Aside from this, “Miracle on Evergreen Terrace” is full of wonderfully absurd gags. Such as Marge transforming Christmas cookies into bloody spearheads just for Bart. In order to wake up early, Bart drinks twelve glasses of water before bed, causing his full bladder to give him a surreally damp dream. Homer's childish and bereaved reaction to the missing gifts is hilarious. So is the family's attempt to impress the Flanders, who are naturally having an ideal Christmas. Further highlights include Marge's attempt to win money on “Jeopardy,” which ends on an especially caustic note. Or a surprising deployment of a pineapple. Once again, the Christmas traditions provide plenty of grist for comedy. Such as Homer's inability to sing “Here Comes Santa Claus” or a pitch-perfect spoof on an infamous moment from “It's a Wonderful Life.”
Simpsons Roasting on an Open Fire” or poignant as “Marge Be Not Proud,” “Miracle on Evergreen Terrace” is a pretty good Christmas edition of “The Simpsons.” There's lots of sharp one-liners, funny gags, and a decent commentary on how shitty the intentions behind the holiday actually are. [7/10]
Tuesday, December 4, 2018
direct-to-video sequels to its theatrically released animated classics, my Mom was more than happy to scoop them up. I guess we were both pretty naive, assuming these follow-ups would always be up to the quality of the originals. We learned after a few years and stopped buying them by the time “Hunchback of Notre Dame II” came out. Eventually, Disney itself realized that the cheapie sequels deluded the reputation of the originals and quit making them. Nevertheless, I can recall buying “Beauty and the Beast: The Enchanted Christmas” as a kid and happily watching it. It was only the fourth DTV sequel the studio made and the concept still had some novelty. But I'm a grown-up now, ostensibly. So why do I continue to own this film?
The ending to “Beauty and the Beast” made a sequel difficult, as the prince is no longer a beast by the end. Though Disney briefly considered having Gaston's brother turn the prince back into a beast, the solution they ultimately arrived at was more concise. “The Enchanted Christmas” is neither a prequel nor a sequel but takes place in the middle of the original's story. Still locked in the castle, Belle decides an extravagant Christmas party will ease the Beast's pain. In fact, he hates Christmas, as that was the night he was transformed. Belle, with encouragement from the castle staff, decides to go ahead with the celebration anyway. Forte, the evil pipe organ that wants everything to stay the way it is, attempts to interfere.
interquel creates a big problem. In the second half, there's a scene where the Beast feels Belle betrayed him, locking her in the dungeon again. Later, during Forte's final rampage, the magical rose central to the Beast's curse is nearly crushed. If you're watching this movie, odds are good you've seen the first one. So you already know that the Beast will forgive Belle, that the rose will be fine. By setting this follow-up before the first one's end, Disney ripped away any suspense the story might've had. Beyond that, “The Enchanted Christmas” is quite repetitive of the original. Both feature a scene of Belle going into the woods, being endangered. This time by thin ice on a lake, instead of wolves. Both revolve around Belle charming the Beast, melting his heart. Both feature the couple dressed in evening wear while dancing in the ball room. Disney sure was determined to replicate the things people liked about the last one.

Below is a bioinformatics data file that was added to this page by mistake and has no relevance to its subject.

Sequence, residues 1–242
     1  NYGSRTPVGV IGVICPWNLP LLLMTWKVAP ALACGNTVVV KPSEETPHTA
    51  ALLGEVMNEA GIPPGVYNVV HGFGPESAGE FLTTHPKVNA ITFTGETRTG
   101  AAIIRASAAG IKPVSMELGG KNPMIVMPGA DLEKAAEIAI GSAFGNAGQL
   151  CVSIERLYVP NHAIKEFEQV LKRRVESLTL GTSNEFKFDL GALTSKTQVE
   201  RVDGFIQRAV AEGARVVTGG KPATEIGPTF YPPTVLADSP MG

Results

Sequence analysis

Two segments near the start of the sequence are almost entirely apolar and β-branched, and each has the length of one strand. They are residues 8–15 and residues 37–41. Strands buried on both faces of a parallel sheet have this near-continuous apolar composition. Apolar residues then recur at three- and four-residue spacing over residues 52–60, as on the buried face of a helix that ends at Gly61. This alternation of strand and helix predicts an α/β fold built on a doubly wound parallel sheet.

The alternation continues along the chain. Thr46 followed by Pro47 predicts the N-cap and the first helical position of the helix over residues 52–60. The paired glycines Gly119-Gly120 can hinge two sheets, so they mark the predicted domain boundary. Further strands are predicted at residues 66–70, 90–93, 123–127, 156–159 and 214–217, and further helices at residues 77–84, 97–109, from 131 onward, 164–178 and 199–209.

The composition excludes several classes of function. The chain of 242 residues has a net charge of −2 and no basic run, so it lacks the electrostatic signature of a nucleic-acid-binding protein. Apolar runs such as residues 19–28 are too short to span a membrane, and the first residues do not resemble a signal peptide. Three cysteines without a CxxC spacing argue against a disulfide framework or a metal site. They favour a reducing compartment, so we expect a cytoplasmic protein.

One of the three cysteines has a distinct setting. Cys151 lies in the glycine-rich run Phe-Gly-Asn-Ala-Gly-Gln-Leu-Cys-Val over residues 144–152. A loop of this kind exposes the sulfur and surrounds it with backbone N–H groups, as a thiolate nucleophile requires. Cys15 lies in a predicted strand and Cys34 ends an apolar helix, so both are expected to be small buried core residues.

Surprisingly, Disney talked all the primarily players from the first movie into returning for this sequel. Even Angela Lansbury as Mrs. Potts and Jerry Orbach as Lumiere return. That certainly goes a long way to making this sequel seem more legitimate. Naturally, the sequel also introduces quite a few new characters. The quality of these new additions vary. Tim Curry, naturally, hams it up to wonderful levels as Forte, the evil pipe organ. Bernadette Peters puts on a convincing French accent as Angelique, the castle decorator/tree topper. Less endearing is Paul Reubens as Fife, the clarinet that is Forte's sidekick. Fife's antics are aggressively wacky and shouted. Jeff Bennet also shows up as a talking axe, who speaks with an exaggerated Jewish accent. Which is certainly, well, an interesting decision.
Don't Fall in Love” involves hypnotizing the Beast with pulsating musical notes. It's the sole song that makes an impression. Otherwise, the songs are drippy. Both “Stories” and “As Long as There's Christmas” feature overwrought melodies. Both songs pile on the bombast, attempting to grab a molecule of the emotion that made the first one so good. “A Cut Above the Rest,” a number for Lumiere and Cogsworth, is forgettable and does nothing to advance the plot. The animation, at the very least, looks alright. It's not theatrical quality but does look better than the animated TV shows Disney was also producing at the time. Aside from the decision to create Forte solely through primitive CGI. That was probably a mistake.
Why Do I Own This?: As I mentioned above, my Mom definitely bought the VHS of this film when it was new. I can only recall watching it once but it, nevertheless, resided in our Disney collection. When we made the leap from VHS to DVD, she felt the need to upgrade this one anyway. And when I moved out, it somehow ended up in the box of DVDs that went to my place. So, the answer to why I own this is simply “inertia.” “The Enchanted Christmas” is, truthfully, among the better direct-to-video spin-offs Disney pushed out in the nineties. This means its still a totally mediocre affair that stands up poorly to the original. It is pretty heavy on the Christmas atmosphere and only becomes unbearably saccharine once or twice. Do you think I can get away with wrapping this up and gifting it to Ma on the 25th? [5/10]